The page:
Question of the Week

Does your boss stick up for you when it matters, or not?


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Word got out quickly when Florida Judge John Murphy threatened assistant public defender Andrew Weinstock in his courtroom before asking him to step outside, where Murphy reportedly struck Weinstock. Murphy subsequently took a four-week paid leave of absence and returned to the bench last week—though he is only hearing civil cases, and the incident is still under review by the Florida Judicial Qualifications Commission. Weinstock’s boss, public defender Blaise Trettis, did not oppose Murphy’s return to the bench. Weinstock then resigned this week in protest.

“As you are aware, I do not agree with your position on Judge Murphy returning to the bench. As such, I hereby tender my resignation, effective immediately,” Weinstock wrote in his resignation letter, the Wall Street Journal Law Blog reported.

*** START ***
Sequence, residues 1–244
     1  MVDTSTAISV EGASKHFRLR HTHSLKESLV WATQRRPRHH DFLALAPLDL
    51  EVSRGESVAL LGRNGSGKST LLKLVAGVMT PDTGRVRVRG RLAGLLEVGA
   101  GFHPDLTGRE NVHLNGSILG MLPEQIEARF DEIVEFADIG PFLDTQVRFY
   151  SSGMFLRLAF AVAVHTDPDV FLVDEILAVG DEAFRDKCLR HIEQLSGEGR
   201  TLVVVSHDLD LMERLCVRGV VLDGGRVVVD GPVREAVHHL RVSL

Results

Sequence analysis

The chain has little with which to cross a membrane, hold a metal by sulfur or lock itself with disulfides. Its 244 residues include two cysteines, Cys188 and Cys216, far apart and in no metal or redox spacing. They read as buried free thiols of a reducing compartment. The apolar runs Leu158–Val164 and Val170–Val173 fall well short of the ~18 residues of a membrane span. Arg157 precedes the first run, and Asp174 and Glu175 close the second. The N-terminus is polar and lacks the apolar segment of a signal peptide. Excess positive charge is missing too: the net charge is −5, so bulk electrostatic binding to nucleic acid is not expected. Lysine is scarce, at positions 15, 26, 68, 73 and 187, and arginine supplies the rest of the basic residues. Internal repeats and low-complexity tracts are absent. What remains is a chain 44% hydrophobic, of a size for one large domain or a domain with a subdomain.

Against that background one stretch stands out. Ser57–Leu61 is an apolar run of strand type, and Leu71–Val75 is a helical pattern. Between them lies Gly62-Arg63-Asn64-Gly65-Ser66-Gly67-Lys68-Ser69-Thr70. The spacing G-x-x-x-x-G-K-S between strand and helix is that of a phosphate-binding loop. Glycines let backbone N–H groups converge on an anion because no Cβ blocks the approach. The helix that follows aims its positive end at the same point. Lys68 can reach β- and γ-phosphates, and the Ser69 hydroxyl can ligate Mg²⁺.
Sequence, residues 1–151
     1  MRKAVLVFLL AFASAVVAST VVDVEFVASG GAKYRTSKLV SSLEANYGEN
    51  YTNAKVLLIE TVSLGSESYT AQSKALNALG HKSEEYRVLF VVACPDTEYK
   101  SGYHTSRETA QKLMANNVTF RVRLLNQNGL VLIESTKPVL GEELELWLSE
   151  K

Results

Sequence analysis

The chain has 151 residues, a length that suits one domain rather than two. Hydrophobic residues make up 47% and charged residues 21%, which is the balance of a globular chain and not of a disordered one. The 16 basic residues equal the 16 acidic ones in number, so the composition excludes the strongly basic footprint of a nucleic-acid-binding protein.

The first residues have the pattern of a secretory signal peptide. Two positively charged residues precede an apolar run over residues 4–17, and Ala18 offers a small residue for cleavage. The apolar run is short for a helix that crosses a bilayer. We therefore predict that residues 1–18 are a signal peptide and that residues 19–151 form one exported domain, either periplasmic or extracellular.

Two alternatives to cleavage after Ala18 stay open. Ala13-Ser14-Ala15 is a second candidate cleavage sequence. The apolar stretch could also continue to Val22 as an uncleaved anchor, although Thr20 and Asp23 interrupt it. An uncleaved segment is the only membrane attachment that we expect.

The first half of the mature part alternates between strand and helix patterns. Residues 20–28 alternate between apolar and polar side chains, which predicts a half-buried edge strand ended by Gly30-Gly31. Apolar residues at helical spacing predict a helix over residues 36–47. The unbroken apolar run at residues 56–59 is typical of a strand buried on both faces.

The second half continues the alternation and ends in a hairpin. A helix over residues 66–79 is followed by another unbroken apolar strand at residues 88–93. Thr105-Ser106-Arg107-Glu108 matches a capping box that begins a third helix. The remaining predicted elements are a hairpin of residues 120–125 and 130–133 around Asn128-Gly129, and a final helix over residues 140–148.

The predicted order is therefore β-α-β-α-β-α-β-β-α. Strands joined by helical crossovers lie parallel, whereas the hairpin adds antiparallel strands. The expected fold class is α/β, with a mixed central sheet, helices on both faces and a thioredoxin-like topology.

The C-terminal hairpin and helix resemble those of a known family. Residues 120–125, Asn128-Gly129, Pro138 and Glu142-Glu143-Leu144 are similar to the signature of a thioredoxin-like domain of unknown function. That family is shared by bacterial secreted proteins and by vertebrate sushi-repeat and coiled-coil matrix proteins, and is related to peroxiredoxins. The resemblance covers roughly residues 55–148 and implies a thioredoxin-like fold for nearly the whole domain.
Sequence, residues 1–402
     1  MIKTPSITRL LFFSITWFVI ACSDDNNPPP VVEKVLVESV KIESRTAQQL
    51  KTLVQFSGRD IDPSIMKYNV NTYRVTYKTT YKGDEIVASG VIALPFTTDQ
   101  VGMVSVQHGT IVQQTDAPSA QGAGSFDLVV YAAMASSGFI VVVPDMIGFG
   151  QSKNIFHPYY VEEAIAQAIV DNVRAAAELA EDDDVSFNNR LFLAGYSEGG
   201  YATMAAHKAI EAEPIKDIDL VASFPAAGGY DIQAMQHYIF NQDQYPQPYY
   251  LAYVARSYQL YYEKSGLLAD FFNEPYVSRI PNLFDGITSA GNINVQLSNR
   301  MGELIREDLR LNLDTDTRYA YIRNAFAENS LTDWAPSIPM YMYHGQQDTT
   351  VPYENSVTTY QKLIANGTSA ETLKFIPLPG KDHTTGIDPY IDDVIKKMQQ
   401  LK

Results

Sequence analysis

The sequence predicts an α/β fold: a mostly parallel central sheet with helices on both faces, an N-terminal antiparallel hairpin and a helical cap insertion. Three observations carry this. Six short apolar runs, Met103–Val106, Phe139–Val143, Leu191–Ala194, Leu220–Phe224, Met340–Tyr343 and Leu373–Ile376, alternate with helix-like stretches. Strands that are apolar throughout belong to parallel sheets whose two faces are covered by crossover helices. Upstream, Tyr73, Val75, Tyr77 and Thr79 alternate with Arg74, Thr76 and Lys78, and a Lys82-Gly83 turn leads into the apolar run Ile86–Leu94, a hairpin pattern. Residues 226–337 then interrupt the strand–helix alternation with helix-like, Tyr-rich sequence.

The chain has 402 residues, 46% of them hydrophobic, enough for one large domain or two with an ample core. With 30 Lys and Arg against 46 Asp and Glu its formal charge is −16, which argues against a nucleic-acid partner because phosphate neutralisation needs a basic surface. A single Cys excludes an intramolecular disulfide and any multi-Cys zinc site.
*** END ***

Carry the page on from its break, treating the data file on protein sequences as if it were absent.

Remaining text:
So this week, we’re wondering: Has there ever been a time that your boss failed to stick up for you when it really mattered to you? Or was there a time when he or she came to your defense when it was very important to you? Share your stories with us in the comments.

Read the answers to last week’s question: What do you do when a client doesn’t pay the bill?

Featured answer:

Posted by Kristi Bodin: “I handle civil suits and business and licensing matters. I require a 100 percent retainer for transactional, flat-rate work. I provide detailed, staged estimates to litigation clients and try to keep in touch with them about progress and fees as the case goes on. When I’ve had unpaid balances at the end of a case, I try to discuss arrangements with the client. Failing that, I’ve found it effective to simply send them a bill once a month, or once every three months, more or less in perpetuity. As odd as that seems, I’ve actually had clients come in to pay a bill in full as many as two or three years later. Even after I’ve written off the receivable, I often manage to recover overdue balances with this method.”

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